Exercises

Exercise 1. How about the case of smallest sum?

Exercise 2. How about exactly $k-1$ values from the first array and $n-k$ values from the other array?

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  • $\begingroup$ I didn't understand RHS of the equation, can you help me with that? I mean why does that work? in the array a-b many values will go negative. $\endgroup$ Jun 16, 2019 at 5:37
  • $\begingroup$ Check this example, $(a_1+a_3)+(b_2+b_4)=((a_1-b_1)+(a_3-b_3))+(b_1+b_2+b_3+b_4)$ $\endgroup$
    – John L.
    Jun 16, 2019 at 5:56
  • $\begingroup$ I got it Thanks, very elegant solution requiring mathematics, So this is Greedy problem Requiring sorting(NLogn), not a Dynammic problem? Am I correct? $\endgroup$ Jun 16, 2019 at 6:07
  • $\begingroup$ You are. The approach is certainly not dynamic programming. The algorithm could be called a greedy algorithm. $\endgroup$
    – John L.
    Jun 16, 2019 at 6:23
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Answering My own Question: though time complexity of the greedy solution is much better.

Dynamic Programming Approach:

We Have: $array1$ and $array2$ both of length $n$ and we are required to choose exactly $k$ values from $array1$ and $n-k$ values from $array2$

Now we iterate through each value pairs from both the array and fill the array-dp row by row as we iterate through each column.

Create 2-Array dp[n][k], Where,

$ n$ - $length$ $of$ $each$ $array$

$ k$ - $no$ $of$ $values$ $to$ $be$ $taken$ $from$ $array1$

Definition: $dp[i][j]$ - is the maximum value one can obtain if we are done iterating through $i$ value pairs and exactly $j$ values are taken from $array1$

Formula: $dp[i][j]$ $=$ $max(array2[i]+dp[i-1][j],array1[i]+dp[i-1][j-1])$

Explanation of Formula: for each $(i,j)$ in the table we choose the maximum between two values that are,

  1. if we choose a value from $array2$ that means we now need to choose exactly $j$ values from previous $i-1$ value pairs.(remember we needed to choose exactly $k$ values from $array1$)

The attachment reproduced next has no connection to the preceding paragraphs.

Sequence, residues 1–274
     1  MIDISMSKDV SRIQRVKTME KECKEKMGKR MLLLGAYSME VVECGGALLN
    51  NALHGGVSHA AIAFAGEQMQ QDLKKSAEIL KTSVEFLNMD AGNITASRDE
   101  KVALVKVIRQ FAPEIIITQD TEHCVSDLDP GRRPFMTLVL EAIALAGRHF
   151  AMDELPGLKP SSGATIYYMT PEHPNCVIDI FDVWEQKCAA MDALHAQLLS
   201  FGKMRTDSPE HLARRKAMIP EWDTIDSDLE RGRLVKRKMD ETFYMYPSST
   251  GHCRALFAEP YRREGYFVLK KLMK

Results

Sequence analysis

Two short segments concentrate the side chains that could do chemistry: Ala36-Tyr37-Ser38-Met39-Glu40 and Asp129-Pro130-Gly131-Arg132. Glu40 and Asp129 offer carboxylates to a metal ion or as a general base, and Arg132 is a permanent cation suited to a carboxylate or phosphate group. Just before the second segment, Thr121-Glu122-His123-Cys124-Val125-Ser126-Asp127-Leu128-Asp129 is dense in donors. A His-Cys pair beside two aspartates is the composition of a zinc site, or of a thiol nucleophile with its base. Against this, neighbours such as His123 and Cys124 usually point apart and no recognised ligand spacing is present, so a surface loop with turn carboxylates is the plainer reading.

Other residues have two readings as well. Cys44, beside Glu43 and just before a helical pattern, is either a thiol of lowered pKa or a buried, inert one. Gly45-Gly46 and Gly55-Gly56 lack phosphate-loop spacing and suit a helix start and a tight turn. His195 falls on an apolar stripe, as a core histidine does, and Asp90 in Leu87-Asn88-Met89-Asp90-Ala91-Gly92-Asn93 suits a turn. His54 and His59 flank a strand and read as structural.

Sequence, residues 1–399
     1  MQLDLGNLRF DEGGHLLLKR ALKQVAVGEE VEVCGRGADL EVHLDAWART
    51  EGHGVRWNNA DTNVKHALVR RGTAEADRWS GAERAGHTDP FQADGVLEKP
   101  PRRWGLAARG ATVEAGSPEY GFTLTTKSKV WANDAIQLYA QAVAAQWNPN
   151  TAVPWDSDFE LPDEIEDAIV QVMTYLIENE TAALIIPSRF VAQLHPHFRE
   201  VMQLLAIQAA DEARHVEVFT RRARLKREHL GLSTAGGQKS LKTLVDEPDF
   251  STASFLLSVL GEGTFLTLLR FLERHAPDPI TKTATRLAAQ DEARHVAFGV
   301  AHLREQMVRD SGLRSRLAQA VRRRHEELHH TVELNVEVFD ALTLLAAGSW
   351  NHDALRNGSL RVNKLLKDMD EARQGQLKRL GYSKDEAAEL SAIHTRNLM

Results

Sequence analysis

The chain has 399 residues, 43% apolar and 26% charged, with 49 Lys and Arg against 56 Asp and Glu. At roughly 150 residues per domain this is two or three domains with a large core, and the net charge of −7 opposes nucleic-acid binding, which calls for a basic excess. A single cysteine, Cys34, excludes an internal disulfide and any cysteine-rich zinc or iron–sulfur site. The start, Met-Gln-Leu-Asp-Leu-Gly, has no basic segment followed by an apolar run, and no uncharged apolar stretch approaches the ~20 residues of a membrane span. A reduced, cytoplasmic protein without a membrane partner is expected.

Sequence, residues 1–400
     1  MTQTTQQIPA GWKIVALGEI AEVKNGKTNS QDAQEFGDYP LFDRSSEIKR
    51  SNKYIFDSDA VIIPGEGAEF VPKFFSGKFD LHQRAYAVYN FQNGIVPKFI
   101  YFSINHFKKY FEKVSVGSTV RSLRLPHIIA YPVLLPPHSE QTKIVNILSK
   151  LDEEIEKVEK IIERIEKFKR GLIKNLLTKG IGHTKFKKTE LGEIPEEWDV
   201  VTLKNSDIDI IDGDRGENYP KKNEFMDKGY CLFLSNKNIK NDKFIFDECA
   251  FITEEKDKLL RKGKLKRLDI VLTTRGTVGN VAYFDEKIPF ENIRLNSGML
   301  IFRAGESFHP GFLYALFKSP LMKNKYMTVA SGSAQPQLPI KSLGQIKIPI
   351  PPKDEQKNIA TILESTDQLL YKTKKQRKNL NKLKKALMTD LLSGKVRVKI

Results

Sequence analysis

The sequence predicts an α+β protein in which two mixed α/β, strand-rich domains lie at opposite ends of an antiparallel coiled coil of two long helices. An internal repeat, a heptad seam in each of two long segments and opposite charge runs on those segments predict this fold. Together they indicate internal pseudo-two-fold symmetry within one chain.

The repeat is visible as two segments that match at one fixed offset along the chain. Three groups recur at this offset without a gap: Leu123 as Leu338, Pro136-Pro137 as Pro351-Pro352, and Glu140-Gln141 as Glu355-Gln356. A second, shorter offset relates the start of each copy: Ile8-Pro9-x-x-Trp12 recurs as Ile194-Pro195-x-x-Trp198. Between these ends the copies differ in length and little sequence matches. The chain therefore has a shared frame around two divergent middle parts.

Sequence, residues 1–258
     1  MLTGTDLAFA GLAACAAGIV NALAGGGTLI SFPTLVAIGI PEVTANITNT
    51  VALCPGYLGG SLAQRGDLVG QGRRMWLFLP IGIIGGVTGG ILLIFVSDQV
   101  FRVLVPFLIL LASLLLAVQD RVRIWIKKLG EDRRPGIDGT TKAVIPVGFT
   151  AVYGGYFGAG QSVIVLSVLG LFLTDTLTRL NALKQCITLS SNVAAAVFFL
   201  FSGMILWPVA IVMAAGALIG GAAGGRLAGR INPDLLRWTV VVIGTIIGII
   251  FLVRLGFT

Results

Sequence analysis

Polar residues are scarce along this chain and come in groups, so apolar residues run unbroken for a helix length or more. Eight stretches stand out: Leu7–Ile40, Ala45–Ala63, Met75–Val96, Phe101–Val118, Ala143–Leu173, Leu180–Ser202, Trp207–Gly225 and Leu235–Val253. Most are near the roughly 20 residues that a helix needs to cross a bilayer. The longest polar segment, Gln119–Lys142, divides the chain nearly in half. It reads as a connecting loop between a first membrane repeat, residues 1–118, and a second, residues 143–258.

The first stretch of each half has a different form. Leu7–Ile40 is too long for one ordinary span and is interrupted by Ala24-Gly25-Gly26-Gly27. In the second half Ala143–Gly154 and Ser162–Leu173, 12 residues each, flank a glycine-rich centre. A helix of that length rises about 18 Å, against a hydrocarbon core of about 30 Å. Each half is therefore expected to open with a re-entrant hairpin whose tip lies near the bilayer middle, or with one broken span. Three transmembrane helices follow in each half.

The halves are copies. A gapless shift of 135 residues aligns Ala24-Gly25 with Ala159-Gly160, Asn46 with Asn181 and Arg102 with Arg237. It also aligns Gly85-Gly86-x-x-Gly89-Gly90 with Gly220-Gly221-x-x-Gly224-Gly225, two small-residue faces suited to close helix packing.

2. if we choose a value from $array1$ that means we now have to choose exactly $j-1$ values from previous $i-1$ value pairs.

To get the maximum value obtainable we look for value of dp[n][k]

Time complexity: $O(n*k)$

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  • $\begingroup$ This answer looks good. $\endgroup$
    – John L.
    Jun 26, 2019 at 19:10
  • $\begingroup$ How to initiate dp array $\endgroup$
    – Kitwradr
    Oct 25, 2022 at 2:16
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Given two arrays A and B, for each index i your sum includes either A[i] or B[i]. You can start adding all B[i], then picking k indexes i and replacing B[i] with A[i], increasing the sum by (A[i] - B[i]).

You make the sum largest by calculating all values A[i] - B[i] and storing them into an array C, selecting the k largest values in C, and adding them to the sum.

Finding the k-largest element of an array can be done in O(n), and adding the k largest elements can again be done in linear time (add all elements that are greater than the k-largest element and count them at the same time. If you found k' elements greater than the k-largest, then there are at least k-k' elements equal to the k-largest.

Pseudocode: Let S be the sum of B[i] for 1 ≤ b ≤ n. Let C[i] = A[i] - B[i] for 1 ≤ i ≤ n. Find the k largest element of C, and let its value be K. Add all elements C[i] to S where 1 ≤ i ≤ n and C[i] > k. Let k' be the number of elements C[i] for 1 ≤ i ≤ n with C[i] > k. Increase S by (k - k') * K.